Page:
2. Impairment of the renal system: The gradual loss of the functions of the kidney is one of the most prominent symptoms of this disease. According to statistics, more than half of the people affected with this disease usually presents with renal failure by the time they attain the age of sixty. Some of the symptoms of an impaired kidney include the inability of the kidney to eliminate toxic materials from the body.
  3. Preeclampsia: Polycystic kidney disease increases the risk of which pregnant women can develop preeclampsia. This is a condition in which pregnant women experience proteinuria and hypertension during pregnancy.
  4. Cardiacrelated diseases.
  5. Gastrointestinal problems
  6. Long-term pains: Pain is a symptom that is common to most people affected by this disease. It often affects the lower part of the back and side of the body. Patients might also experience an infection of the urinary tract.

How is polycystic kidney disease currently treated?

There are no FDA approved treatments for this disease yet. However, patients are usually given symptomatic treatments. The purpose of these treatments is generally to reduce the progression of this disease and to treat the symptoms. Anti-hypertensive medications are usually given to treat high blood pressure, and analgesics are given to reduce the pain. In addition, antibiotics are administered to treat any infection that might occur as a result of the disease.  In severe conditions, dialysis might be needed to maintain the functions of the kidney.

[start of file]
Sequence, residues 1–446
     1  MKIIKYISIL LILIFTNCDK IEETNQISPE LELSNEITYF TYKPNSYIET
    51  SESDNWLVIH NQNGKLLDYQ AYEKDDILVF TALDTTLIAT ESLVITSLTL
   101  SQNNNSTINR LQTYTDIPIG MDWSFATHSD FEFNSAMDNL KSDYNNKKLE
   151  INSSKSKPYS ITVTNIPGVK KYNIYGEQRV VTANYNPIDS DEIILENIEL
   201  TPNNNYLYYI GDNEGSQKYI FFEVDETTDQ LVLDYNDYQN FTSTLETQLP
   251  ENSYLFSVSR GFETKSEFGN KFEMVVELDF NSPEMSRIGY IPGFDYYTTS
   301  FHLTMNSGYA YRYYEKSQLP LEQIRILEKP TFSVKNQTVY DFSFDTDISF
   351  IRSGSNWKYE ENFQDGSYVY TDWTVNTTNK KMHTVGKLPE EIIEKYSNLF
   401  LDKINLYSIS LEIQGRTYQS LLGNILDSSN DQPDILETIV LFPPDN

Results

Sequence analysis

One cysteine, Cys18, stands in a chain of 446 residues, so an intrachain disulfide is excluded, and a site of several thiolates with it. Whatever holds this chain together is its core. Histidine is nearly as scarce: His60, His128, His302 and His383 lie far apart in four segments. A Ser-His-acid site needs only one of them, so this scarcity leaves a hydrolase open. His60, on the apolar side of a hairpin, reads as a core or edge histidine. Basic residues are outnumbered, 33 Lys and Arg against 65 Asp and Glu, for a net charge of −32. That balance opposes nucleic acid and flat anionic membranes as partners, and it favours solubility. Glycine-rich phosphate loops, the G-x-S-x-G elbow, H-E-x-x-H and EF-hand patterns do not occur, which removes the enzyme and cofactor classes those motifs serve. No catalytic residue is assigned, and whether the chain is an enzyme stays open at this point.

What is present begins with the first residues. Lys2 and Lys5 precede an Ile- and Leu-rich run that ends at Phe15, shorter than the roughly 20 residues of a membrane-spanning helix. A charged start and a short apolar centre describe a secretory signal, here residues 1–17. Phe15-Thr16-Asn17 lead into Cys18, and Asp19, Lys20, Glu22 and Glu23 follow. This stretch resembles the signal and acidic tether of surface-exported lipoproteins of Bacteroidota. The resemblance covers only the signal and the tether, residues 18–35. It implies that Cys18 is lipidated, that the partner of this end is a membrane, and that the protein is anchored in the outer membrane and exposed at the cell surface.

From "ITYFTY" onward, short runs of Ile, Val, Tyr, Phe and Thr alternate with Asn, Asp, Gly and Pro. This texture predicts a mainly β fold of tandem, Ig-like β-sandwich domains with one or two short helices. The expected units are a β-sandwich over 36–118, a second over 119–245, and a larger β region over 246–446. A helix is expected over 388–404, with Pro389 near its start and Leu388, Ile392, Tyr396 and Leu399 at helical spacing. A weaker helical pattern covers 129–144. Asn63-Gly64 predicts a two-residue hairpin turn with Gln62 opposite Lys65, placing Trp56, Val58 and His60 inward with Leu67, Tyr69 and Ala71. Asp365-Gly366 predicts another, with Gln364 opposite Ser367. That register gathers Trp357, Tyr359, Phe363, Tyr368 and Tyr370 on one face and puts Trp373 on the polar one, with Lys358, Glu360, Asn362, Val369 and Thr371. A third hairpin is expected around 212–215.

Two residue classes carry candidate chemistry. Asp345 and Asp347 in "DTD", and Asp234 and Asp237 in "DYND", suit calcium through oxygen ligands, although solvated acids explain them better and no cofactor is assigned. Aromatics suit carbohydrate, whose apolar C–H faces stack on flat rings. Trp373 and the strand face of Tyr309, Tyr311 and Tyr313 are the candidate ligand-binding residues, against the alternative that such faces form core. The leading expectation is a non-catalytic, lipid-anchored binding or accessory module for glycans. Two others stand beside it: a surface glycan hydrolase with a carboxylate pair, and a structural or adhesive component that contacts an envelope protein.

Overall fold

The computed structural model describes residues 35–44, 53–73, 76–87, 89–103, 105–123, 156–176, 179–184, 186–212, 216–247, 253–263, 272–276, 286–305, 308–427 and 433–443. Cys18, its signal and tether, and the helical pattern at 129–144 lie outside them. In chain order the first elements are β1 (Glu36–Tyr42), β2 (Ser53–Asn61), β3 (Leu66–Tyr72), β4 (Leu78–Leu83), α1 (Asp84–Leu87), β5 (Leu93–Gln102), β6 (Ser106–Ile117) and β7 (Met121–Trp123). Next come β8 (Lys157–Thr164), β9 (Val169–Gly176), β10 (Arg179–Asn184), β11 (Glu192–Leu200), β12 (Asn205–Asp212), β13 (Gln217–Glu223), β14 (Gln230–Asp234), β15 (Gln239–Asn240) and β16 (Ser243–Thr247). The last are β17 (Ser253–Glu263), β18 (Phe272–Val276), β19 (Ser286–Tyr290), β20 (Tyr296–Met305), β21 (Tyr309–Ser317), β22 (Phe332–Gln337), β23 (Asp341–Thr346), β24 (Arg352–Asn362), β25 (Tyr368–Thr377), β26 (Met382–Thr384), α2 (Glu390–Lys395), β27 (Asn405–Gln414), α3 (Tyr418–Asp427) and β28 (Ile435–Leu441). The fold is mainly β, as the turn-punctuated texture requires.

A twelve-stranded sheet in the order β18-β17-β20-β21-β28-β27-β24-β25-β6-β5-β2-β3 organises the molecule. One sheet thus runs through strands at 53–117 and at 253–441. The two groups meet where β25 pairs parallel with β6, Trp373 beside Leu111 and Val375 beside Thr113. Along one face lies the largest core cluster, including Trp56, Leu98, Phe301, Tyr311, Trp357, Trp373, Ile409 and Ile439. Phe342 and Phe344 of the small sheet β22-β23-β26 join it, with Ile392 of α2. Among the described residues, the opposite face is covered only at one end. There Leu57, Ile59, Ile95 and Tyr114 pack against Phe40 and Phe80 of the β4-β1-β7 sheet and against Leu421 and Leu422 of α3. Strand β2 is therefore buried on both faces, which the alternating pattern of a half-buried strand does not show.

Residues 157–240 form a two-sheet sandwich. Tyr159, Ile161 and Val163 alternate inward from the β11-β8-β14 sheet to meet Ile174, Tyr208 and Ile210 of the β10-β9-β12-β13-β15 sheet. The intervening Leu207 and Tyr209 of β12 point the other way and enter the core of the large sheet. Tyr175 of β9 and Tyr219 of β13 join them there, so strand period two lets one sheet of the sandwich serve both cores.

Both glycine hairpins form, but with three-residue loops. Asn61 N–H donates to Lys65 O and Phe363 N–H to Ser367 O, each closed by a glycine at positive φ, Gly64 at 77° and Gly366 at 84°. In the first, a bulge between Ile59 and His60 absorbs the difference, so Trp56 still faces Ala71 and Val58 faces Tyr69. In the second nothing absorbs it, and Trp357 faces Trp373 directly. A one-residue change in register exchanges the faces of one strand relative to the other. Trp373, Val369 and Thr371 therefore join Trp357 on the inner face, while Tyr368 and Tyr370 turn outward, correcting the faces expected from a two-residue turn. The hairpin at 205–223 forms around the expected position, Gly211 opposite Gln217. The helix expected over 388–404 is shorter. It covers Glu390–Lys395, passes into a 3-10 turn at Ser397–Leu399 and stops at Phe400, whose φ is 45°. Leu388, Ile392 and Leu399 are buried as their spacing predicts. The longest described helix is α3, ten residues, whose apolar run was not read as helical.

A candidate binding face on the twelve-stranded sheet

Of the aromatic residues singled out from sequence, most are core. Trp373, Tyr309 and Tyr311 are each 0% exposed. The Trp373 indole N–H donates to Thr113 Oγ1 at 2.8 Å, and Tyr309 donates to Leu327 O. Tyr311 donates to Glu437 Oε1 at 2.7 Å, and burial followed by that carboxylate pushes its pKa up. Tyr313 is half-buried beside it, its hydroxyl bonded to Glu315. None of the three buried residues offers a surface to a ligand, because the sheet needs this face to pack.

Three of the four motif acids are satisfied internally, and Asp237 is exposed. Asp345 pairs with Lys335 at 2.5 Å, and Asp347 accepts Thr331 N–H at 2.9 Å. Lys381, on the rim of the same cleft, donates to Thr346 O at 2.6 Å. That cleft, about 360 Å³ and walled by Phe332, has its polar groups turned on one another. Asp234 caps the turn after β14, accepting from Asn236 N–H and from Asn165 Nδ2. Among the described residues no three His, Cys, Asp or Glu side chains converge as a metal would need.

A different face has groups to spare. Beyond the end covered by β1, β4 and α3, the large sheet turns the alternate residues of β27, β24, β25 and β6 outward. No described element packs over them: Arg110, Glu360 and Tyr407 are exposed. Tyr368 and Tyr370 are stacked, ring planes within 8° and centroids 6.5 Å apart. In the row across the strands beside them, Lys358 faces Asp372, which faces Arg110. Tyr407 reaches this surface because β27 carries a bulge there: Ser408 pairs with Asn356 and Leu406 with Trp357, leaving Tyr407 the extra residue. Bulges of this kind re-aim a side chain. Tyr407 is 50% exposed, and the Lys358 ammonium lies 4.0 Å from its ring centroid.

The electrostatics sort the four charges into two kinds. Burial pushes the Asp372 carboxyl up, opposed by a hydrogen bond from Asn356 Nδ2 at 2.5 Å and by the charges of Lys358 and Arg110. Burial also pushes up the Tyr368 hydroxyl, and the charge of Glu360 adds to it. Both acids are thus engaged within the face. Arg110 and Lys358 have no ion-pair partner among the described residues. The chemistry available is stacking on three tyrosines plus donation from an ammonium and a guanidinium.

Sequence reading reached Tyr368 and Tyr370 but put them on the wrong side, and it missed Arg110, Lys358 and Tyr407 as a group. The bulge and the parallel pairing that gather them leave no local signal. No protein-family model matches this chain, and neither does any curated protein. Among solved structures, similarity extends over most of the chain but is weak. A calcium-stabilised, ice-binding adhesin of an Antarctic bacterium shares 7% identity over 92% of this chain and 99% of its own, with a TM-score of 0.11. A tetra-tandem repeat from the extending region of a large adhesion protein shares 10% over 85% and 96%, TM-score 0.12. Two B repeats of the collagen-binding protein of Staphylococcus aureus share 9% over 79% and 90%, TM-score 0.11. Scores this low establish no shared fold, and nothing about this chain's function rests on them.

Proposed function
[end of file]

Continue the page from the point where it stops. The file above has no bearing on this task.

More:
Stem cell therapy of Polycystic diseases

Stem cells are unique cells that can proliferate, regenerate, repair and replace damaged or injured cells and tissues of the body. This is what makes the therapy effective in the treatment of this disease. Stem cells extracted from the adipose tissues are usually used for this purpose. They are extracted from the patient and re-transplanted to the patient to induce other cells to repair the damaged part of the kidney.


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McDonald, S. and Rangan, G. (2014). Progression of polycystic kidney disease—a lack of progress?. Nature Reviews Nephrology, 10(9), pp.489-491.

Pei, Y. and Watnick, T. (2010). Autosomal Dominant Polycystic Kidney Disease. Advances in Chronic Kidney Disease, 17(2), pp.115-117.

Role for GSK3β in polycystic kidney disease pathogenesis. (2015). Nature Reviews Nephrology, 11(4), pp.196-196.